12. “45-year-old to help candidate understand the youth vote.” Thanks for this one! 🙂 🙂

    I’m afraid that there is one Conservative agenda: to make Liberal (and Obama) look bad. The welfare of the country is not a priority. Politics is killing our nation.


    • You’re right about the Conservative agenda being anti-Obama, Lorna. In my opinion, the root cause of this is racism, but the nation has gone too far past Strom Therman and his ilk for it to be displayed as overtly as it once was. However, it has become one of those single-issue goals that tends to override all else in some voters’ minds. Here is an excerpt (emphasis mine) from an interview with Mitch McConnell on October 23 of 2010 when the GOP foresaw looming victory in the polls:

      McConnell: After 1994, the public had the impression we Republicans overpromised and underdelivered. We suffered from some degree of hubris and acted as if the president was irrelevant and we would roll over him. By the summer of 1995, he was already on the way to being reelected, and we were hanging on for our lives.
      NJ: What does this mean now?
      McConnell: We need to be honest with the public. This election is about them, not us. And we need to treat this election as the first step in retaking the government. We need to say to everyone on Election Day, “Those of you who helped make this a good day, you need to go out and help us finish the job.”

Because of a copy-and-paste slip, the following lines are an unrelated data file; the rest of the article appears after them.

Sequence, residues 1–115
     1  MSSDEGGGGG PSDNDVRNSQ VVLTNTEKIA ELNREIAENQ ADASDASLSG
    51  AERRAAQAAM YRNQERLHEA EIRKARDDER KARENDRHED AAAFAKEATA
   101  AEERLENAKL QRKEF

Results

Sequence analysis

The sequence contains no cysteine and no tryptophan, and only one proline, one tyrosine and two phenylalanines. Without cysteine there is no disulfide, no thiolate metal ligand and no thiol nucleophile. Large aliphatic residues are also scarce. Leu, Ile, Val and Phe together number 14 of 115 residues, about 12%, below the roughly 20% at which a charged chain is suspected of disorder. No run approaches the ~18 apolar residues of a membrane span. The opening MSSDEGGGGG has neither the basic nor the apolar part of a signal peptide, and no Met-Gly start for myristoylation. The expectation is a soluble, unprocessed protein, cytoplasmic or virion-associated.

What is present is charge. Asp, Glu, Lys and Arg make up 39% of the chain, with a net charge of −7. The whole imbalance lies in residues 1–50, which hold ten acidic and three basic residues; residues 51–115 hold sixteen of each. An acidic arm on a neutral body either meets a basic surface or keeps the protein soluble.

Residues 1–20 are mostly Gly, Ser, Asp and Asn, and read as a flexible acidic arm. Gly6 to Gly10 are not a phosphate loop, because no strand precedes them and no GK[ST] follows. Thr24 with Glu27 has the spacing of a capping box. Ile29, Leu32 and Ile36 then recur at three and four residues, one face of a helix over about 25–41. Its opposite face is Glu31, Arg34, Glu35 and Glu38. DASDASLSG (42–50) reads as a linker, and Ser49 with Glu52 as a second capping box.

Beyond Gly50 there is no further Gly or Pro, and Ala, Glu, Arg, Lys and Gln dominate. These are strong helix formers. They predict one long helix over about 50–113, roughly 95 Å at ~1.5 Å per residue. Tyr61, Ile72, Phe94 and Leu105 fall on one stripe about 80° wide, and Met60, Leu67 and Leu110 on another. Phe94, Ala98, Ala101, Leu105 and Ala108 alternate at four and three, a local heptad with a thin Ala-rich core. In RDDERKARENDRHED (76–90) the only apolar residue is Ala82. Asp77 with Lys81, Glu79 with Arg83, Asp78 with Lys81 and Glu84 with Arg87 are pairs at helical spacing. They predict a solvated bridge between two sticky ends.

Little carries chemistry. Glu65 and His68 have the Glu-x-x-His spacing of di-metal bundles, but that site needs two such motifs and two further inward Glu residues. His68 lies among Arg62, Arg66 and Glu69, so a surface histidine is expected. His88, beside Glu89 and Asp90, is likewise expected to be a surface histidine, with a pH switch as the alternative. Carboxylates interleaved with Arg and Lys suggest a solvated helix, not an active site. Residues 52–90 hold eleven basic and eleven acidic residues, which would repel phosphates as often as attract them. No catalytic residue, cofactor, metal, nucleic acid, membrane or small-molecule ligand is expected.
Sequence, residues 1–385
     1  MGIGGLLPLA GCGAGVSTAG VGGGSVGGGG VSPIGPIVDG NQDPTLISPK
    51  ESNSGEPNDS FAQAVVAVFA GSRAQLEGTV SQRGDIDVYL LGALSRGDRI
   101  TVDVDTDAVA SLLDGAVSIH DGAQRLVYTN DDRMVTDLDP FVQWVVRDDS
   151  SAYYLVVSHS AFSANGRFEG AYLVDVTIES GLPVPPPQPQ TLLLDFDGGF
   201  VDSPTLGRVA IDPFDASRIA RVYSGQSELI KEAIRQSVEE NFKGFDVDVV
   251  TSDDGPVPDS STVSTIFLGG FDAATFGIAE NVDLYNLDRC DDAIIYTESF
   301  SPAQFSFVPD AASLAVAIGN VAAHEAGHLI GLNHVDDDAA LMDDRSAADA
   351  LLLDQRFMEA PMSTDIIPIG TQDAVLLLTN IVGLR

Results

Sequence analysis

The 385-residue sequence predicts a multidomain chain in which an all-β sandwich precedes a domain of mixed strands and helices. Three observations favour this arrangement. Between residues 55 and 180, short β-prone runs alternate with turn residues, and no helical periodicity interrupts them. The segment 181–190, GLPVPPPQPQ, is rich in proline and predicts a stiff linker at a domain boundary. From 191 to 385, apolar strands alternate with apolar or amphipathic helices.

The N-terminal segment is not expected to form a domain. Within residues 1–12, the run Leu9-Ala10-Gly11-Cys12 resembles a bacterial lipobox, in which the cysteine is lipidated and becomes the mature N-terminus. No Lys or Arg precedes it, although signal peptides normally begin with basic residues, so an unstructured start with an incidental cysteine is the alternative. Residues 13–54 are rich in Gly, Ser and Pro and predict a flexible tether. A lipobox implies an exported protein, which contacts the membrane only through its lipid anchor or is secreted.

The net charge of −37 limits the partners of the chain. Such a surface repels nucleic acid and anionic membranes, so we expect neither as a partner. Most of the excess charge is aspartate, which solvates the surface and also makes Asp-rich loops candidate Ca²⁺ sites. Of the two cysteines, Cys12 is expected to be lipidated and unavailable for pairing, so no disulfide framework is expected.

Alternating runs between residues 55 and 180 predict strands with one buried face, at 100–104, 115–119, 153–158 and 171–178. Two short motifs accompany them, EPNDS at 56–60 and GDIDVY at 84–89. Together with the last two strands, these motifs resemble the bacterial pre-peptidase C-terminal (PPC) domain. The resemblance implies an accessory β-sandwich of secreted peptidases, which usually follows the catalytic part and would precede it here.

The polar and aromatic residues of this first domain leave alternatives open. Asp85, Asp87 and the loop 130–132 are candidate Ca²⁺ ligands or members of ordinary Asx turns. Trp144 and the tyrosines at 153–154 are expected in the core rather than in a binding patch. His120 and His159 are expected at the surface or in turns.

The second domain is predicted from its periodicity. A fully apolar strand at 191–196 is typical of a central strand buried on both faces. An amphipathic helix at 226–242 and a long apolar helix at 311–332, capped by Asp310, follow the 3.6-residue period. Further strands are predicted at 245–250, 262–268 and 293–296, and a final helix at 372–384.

NJ: What’s the job?
      McConnell: The single most important thing we want to achieve is for President Obama to be a one-term president.
      NJ: Does that mean endless, or at least frequent, confrontation with the president?
      McConnell: If President Obama does a Clintonian backflip, if he’s willing to meet us halfway on some of the biggest issues, it’s not inappropriate for us to do business with him.
      NJ: What are the big issues?
      McConnell: It is possible the president’s advisers will tell him he has to do something to get right with the public on his levels of spending and [on] lowering the national debt. If he were to heed that advice, he would, I imagine, find more support among our conference than he would among some in the Senate in his own party. I don’t want the president to fail; I want him to change. So, we’ll see. The next move is going to be up to him.

      ” . . . on some of the biggest issues.” Get that? I can think of some. Minimum wage, immigration, abortion and women’s reproductive health. Just reverse on those and then we can do business. Right.


      • Jim,
        Although there are some Republicans who are using their racism to fuel their disdain for the current administration. However, that’s definitely not true of all Republicans … that is their opposition to the president isn’t based on race. As for Senator McConnell, and for whatever reason, he never intended to cooperate with President Obama from Day 1.


    • Lorna,
      The conservative agenda was never to cooperate with President Obama, so even if they take control of the Senate, personally, I don’t expect that to change. After all, I expect them to speak of the voter’s mandate … which they will easily misread.Meanwhile, you are correct … politicians are party-first people.